An important issue in risk analysis is the distinction between epistemic and aleatory uncertainties. In this paper, the use of distinct representation formats for aleatory and epistemic uncertainties is advocated, the latter being modelled by sets of possible values. Modern uncertainty theories based on convex sets of probabilities are known to be instrumental for hybrid representations where aleatory and epistemic components of uncertainty remain distinct. Simple uncertainty representation techniques based on fuzzy intervals and p-boxes are used in practice. This paper outlines a risk analysis methodology from elicitation of knowledge about parameters to decision. It proposes an elicitation methodology where the chosen representation format depends on the nature and the amount of available information. Uncertainty propagation methods then blend Monte Carlo simulation and interval analysis techniques. Nevertheless, results provided by these techniques, often in terms of probability intervals, may be too complex to interpret for a decision-maker and we, therefore, propose to compute a unique indicator of the likelihood of risk, called confidence index. It explicitly accounts for the decisionmaker’s attitude in the face of ambiguity. This step takes place at the end of the risk analysis process, when no further collection of evidence is possible that might reduce the ambiguity due to epistemic uncertainty. This last feature stands in contrast with the Bayesian methodology, where epistemic uncertainties on input parameters are modelled by single subjective probabilities at the beginning of the risk analysis process.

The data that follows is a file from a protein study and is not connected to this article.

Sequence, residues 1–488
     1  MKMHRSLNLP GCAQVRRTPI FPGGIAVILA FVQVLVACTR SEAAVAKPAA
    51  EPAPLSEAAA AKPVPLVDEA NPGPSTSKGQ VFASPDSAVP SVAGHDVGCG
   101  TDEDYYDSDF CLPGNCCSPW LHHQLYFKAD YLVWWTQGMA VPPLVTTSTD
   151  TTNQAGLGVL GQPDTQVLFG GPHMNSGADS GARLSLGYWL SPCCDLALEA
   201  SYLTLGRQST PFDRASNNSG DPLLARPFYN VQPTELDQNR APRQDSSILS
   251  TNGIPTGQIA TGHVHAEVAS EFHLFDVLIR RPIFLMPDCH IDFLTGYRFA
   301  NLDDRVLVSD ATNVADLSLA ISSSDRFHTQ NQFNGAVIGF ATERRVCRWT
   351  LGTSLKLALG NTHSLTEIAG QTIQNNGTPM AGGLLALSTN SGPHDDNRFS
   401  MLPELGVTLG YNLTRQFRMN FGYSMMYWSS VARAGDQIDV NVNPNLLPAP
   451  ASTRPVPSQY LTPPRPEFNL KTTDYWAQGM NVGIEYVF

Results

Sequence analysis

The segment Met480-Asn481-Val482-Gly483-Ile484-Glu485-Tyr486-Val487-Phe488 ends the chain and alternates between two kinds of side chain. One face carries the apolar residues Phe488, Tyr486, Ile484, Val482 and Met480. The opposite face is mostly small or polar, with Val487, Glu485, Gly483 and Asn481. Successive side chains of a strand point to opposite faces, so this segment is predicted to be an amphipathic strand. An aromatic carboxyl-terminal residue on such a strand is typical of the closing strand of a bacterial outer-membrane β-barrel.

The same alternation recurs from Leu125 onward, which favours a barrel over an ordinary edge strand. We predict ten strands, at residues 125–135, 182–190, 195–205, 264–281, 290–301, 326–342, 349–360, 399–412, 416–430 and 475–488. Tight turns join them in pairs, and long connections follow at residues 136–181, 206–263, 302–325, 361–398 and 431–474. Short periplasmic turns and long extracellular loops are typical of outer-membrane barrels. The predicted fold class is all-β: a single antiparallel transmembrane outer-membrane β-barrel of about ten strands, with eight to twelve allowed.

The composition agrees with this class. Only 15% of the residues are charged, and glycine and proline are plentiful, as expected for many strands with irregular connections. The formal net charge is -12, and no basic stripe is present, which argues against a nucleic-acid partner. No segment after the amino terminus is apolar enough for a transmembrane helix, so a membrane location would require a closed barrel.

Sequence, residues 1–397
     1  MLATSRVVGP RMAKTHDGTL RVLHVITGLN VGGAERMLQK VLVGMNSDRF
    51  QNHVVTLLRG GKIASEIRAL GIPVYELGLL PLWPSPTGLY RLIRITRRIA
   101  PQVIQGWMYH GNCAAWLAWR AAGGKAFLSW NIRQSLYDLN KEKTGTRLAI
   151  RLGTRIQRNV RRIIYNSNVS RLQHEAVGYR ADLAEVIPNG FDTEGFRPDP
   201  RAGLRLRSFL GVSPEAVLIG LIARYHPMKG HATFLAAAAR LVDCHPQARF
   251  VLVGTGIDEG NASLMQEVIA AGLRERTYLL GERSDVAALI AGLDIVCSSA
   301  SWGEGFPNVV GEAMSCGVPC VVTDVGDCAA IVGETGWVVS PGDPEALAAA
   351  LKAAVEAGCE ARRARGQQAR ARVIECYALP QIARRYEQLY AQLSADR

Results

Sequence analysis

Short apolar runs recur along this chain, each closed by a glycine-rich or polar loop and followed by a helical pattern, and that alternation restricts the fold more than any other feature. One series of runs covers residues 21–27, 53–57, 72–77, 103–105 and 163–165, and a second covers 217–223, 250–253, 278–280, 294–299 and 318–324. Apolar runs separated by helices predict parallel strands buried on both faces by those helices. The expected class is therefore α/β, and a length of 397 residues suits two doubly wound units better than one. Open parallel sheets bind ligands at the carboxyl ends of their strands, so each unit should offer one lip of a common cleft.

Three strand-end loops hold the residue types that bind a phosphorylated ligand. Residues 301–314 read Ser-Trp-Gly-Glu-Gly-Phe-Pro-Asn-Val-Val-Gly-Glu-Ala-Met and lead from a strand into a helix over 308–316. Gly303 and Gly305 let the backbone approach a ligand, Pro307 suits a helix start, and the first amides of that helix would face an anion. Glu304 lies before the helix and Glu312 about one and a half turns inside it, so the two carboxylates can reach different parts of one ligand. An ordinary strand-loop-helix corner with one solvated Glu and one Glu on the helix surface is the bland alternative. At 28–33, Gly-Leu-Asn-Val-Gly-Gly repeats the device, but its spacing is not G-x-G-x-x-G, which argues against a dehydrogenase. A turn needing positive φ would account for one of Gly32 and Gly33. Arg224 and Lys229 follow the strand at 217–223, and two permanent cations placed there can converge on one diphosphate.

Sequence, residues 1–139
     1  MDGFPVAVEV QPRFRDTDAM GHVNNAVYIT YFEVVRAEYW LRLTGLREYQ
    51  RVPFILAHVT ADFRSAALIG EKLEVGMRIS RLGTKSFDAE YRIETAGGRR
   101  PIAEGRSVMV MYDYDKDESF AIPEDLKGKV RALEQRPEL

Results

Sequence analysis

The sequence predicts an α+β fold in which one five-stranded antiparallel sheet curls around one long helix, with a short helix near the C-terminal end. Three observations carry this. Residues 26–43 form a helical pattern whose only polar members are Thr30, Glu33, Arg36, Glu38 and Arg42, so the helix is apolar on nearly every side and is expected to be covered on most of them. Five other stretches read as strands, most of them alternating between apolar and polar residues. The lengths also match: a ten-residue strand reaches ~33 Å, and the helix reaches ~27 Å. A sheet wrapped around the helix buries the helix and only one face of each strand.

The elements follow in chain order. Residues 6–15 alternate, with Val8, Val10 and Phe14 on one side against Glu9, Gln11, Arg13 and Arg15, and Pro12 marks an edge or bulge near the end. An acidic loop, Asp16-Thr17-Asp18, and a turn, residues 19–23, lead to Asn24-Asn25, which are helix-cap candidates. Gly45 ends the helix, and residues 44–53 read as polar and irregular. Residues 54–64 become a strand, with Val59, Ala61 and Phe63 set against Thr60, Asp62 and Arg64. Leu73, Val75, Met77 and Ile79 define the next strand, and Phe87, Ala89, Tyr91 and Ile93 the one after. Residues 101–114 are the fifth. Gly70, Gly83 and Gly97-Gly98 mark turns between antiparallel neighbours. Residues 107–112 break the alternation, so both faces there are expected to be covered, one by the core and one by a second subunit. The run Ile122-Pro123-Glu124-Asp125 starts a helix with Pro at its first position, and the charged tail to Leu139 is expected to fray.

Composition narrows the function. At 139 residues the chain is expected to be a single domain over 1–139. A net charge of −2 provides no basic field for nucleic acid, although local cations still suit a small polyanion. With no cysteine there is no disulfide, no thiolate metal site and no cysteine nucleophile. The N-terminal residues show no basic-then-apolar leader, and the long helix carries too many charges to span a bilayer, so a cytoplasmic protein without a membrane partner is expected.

ASJC Scopus subject areas
- Control and Systems Engineering
- Information Systems
- Computer Science Applications
- Modelling and Simulation
- Theoretical Computer Science